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Greater Manchester Will Move Into Tier 3 Lockdown, Boris Johnson Confirms

By Laura Rogan October 20, 2020

Tighter measures have been enforced.

Boris Johnson has announced that Greater Manchester will join Lancashire and Merseyside in the Tier 3 category, following 10 days of unsuccessful negotiations with local leaders.

The Prime Minister laid out the new restrictions in a press conference this afternoon, following a conference held by Andy Burnham which revealed that the government had declined their funding proposal which would support residents in the region affected financially by the new restrictions.

Boris Johnson said: “Unfortunately agreement wasn’t reached and I do regret this,”

“We would have a better chance of defeating this virus if we worked together.”

The new restrictions will force hospitality establishments that are not serving substantial meals to close their businesses for the duration of the lockdown, with other businesses such as casinos and soft play areas also required to close. Residents are also being asked not to leave the area, and they will not be able to mix with other households.

The rules will come into place on Friday just after midnight, with the region receiving £22m of support as part of a “comprehensive package of support”. Leaders were previously offered a £60m package to accept the new restrictions, according to reports, however, Burnham confirmed they could not accept less than £65m to support those left without income.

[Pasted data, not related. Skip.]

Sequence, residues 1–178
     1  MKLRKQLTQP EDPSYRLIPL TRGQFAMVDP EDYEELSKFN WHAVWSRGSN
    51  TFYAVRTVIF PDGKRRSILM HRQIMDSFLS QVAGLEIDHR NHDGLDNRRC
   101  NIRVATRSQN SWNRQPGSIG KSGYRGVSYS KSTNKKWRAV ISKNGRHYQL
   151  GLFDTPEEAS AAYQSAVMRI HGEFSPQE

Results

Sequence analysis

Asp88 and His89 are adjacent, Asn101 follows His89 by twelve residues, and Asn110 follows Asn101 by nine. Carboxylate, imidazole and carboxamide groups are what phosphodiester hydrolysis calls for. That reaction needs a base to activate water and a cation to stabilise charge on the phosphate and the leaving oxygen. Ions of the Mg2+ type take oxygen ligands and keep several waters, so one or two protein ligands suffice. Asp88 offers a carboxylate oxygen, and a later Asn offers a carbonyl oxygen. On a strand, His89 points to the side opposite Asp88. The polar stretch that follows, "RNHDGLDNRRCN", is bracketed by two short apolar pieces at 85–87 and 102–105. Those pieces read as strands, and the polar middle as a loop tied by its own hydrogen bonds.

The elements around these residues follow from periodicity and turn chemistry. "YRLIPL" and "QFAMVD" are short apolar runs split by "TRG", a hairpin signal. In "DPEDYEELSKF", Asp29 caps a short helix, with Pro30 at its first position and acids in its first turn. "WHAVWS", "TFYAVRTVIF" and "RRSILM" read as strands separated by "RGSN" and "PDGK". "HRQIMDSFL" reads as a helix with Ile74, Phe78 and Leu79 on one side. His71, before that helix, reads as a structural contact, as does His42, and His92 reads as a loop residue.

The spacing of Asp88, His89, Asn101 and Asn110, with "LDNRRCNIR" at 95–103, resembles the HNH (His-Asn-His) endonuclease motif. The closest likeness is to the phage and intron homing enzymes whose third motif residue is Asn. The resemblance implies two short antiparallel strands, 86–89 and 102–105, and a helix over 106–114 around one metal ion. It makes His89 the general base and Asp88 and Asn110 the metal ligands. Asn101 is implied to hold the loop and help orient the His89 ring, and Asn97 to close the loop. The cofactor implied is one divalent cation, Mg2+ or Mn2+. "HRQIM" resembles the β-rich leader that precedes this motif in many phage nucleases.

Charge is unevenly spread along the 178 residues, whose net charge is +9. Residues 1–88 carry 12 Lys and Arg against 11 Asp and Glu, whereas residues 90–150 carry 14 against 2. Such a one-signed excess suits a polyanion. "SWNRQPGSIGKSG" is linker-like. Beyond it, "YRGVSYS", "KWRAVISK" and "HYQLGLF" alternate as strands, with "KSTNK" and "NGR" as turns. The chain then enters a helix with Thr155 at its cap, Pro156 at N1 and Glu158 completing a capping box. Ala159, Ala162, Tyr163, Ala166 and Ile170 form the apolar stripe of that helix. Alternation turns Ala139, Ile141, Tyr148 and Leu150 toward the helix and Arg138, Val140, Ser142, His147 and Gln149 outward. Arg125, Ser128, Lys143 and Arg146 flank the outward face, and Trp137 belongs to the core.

Johnson added: “Nobody wants to be putting people in Greater Manchester, or anywhere, through this experience. And frankly, Andy Burnham is right in what he says about the length of endurance Greater Manchester has shown.

“I have simply got to look at the data and alas the number of deaths and we have to act.

“The funds are there, they are massive. What we couldn’t do was do a deal with Greater Manchester that would have been out of kilter with the deals we’ve already reached with Merseyside and Greater Lancashire.”

Andy Burnham warned just this afternoon that Greater Manchester would face a “winter of hardship” without the £65m support they requested from the government, adding that the region “would be certain to increase levels of poverty, homelessness and hardship”. Greater Manchester leaders also expressed their willingness to continue working with the government however, they had “walked away” from negotiations earlier today.

This is a breaking news story and will be updated as more information comes.